In this week’s pre-PGA Championship edition we examine Tiger Woods’ new limited schedule, Jordan Spieth’s limited progress and the limits of the AT&T Byron Nelson’s new home.
See you when we see you. When Tiger Woods opted to not play last week’s Wells Fargo Championship there was a light undercurrent of concern considering that it would mean a month between starts for the Masters champion.
For a player with a medical history like Woods perhaps the concerns were understandable, but various posts on social media this week showed Woods practicing at Bethpage Black, site of next week’s PGA Championship.
Woods has repeatedly said after last season’s 18-event campaign that he would not play as much going forward and his decision to skip the Quail Hollow event, which had been a staple on his schedule, appears to be proof of this new approach.
There’s also a chance that between now and the start of the PGA Tour playoffs that Woods will make just five more starts. Given the results so far in his comeback it would be foolish to question his scaled-back schedule. Quality over quantity seems to be working just fine.
Wanamaker Trophy half full. On the eve of the year’s second major, we are going to take the high road.
The PGA Championship will sport the strongest all-professional field of the year with each of the top 100 players in the world rankings – which, the PGA proudly says, has never happened before in a major championship – and a lineup that features 34 major champions.
Of course, the championship’s move to May will certainly be scrutinized next week at Bethpage Black, which probably won’t be at its mid-summer toughest considering the need for warm weather to groom rough heights.
The highs next week in New York are forecast at 65 degrees with rain chances hovering between 20 and 40 percent. If that sounds more like fall football weather just remember last year’s triple-digit temperatures at Bellerive. New York in May doesn’t sound terrible now, does it?
Made Cut-Did Not Finish (MDF)
Being Jordan. On Thursday at the AT&T Byron Nelson, Jordan Spieth did what Jordan Spieth has done so many times in his career, playing his first seven holes in 5 under par.
He followed that blistering start with a double bogey and two bogeys for a 3-under round, which has also become the norm for the 11-time Tour winner.
Throughout Spieth’s recent swoon he’s preached patience and the message was no different on Thursday. “I've told you guys ahead of time it's just a matter of time. This is different. I feel good. I feel like I'm really in the right place,” he said.
Spieth, who is nine shots back after Day 2 in Dallas, may not be poised for a breakthrough this week, but at least he’s not becoming a prisoner of the moment.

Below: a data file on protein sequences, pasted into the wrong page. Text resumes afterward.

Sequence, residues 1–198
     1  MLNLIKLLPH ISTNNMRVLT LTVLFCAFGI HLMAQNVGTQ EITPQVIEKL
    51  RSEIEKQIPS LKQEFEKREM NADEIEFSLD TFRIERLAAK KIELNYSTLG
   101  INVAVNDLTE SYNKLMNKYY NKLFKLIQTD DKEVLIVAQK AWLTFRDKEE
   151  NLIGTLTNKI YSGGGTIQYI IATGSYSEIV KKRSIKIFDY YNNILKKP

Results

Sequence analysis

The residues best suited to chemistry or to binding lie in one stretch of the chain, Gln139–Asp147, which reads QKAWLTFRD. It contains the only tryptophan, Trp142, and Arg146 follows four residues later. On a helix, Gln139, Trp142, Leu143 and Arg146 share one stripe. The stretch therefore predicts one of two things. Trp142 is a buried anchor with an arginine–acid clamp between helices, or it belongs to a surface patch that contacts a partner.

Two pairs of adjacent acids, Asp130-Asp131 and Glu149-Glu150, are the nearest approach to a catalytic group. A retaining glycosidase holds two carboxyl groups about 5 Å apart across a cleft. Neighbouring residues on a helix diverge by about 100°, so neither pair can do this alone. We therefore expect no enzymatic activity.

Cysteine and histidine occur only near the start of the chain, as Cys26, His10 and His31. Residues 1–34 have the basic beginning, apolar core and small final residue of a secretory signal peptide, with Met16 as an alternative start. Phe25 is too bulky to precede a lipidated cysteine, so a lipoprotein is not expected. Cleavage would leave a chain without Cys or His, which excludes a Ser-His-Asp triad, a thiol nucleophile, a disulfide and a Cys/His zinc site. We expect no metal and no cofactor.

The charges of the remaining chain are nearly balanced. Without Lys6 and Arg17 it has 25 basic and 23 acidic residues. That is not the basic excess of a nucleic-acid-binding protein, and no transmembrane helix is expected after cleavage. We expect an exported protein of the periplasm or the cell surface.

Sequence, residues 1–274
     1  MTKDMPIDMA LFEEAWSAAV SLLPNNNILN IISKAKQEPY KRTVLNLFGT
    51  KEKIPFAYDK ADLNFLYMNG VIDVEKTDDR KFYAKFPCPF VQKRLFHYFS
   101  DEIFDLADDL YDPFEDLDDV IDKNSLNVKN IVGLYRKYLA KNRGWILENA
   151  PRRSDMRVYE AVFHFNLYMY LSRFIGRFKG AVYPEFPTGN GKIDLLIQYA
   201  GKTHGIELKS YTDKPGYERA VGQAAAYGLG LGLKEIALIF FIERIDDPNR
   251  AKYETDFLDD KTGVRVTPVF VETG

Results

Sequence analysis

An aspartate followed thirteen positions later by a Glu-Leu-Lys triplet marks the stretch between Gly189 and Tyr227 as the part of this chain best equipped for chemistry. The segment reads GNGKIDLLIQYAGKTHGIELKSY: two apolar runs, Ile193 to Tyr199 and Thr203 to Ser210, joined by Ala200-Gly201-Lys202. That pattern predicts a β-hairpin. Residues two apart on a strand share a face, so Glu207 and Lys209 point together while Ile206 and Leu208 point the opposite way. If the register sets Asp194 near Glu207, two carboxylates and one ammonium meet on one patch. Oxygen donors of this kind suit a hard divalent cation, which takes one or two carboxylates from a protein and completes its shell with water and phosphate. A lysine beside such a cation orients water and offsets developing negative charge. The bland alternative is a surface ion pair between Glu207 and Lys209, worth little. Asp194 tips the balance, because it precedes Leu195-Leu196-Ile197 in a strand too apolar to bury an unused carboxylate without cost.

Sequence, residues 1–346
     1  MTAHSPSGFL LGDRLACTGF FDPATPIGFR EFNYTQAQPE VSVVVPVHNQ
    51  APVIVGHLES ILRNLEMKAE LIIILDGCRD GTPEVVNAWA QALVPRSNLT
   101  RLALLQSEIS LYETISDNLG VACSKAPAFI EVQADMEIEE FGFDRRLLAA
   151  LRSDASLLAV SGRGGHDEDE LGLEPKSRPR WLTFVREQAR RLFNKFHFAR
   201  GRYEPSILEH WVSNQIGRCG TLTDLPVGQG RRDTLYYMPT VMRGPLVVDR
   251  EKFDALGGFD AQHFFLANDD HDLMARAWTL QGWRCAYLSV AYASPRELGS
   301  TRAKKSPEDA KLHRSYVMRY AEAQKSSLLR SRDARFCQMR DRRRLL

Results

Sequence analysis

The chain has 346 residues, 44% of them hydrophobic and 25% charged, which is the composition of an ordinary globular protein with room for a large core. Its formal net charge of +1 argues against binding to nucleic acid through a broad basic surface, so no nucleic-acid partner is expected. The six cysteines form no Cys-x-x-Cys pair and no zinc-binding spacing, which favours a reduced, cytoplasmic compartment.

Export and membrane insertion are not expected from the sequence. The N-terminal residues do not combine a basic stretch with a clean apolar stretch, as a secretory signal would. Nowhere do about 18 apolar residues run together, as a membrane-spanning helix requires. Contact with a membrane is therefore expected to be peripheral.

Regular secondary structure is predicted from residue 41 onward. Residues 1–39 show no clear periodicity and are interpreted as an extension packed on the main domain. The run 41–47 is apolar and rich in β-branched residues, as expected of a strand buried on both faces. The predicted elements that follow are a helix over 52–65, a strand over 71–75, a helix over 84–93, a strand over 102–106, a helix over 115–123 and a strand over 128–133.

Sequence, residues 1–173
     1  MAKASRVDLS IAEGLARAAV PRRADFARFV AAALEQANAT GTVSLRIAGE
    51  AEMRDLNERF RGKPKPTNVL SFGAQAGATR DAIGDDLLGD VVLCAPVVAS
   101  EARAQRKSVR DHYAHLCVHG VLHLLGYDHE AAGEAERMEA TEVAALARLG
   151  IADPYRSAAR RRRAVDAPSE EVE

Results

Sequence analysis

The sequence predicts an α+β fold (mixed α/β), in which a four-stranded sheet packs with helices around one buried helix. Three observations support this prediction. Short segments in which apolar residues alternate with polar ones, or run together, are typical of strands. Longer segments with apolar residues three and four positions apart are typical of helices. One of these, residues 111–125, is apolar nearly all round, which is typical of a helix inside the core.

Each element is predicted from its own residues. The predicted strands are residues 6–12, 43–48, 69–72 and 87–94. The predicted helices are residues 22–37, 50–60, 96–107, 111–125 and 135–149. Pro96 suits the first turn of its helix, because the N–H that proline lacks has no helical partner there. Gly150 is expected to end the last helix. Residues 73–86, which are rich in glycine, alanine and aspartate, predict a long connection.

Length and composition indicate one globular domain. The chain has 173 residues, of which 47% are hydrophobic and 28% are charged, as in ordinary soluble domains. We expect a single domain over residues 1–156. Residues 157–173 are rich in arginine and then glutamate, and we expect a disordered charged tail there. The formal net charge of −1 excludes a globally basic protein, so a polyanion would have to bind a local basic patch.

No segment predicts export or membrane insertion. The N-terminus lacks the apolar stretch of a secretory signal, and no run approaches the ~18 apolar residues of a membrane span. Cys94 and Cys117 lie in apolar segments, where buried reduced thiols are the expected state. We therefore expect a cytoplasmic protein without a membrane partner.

Tweet of the week:
Tomorrow I will celebrate my 34th birthday but I have already begun a new and better chapter in my life. Thank you to my friends and family for being there for me. pic.twitter.com/XJjFYyojlh— Chris Kirk (@Chris_Kirk_) May 7, 2019
A lifestyle many would consider glamorous often conceals the reality of life on Tour. For the father of three it was an easy choice to leave it all behind for now.
Dallas stars? When officials relocated this week’s AT&T Byron Nelson from TPC Four Seasons in Irving, Texas, to Trinity Forest last year the idea was the upgrade would help attract a better field. But if the last two events are any indication it’s time to call this a failed experiment.
Although Trinity Forest is in Dallas, it feels closer to the middle of nowhere and the Bill Coore and Ben Crenshaw design is, well, turning out to be an acquired taste for many Tour types.
Just two players from the top 20 in the world ranking, No. 3 Brooks Koepka and No. 19 Patrick Reed, are in this week’s field. The projected strength of field (219) is well below what it was when the event was played at TPC Four Seasons, which was also not the most popular stop but at least it was centrally located.
The Nelson’s new spot on the schedule, before the PGA Championship, probably doesn’t help the event’s outlook either, but the tournament’s strength-of-field woes are starting to feel more and more self-inflicted.
Sideshows. Not to pile on the folks in Dallas but it’s also time tournament officials stop sacrificing competitive integrity for gimmicky attention grabs.
Tony Romo is playing his third Tour event in two years this week at the Nelson. After missing the cut the last two years at the Corales Puntacana Resort & Club Championship, the former Cowboys quarterback did the same on his home course at Trinity Forest. He opened with a 5-over 76 on Thursday and followed that with a 74 on Day 2. When he signed his card, he was was tied for 148th out of 153 players. It’s worth pointing out his 74 was his best round ever on Tour.
It’s also worth pointing out that Romo has played all three events on sponsor exemptions, which events are allowed to dole out however they wish. But when a player like Boo Weekley, a three-time Tour winner and former Ryder Cup player, can’t get into the field as the first alternate it might be time to reexamine the system.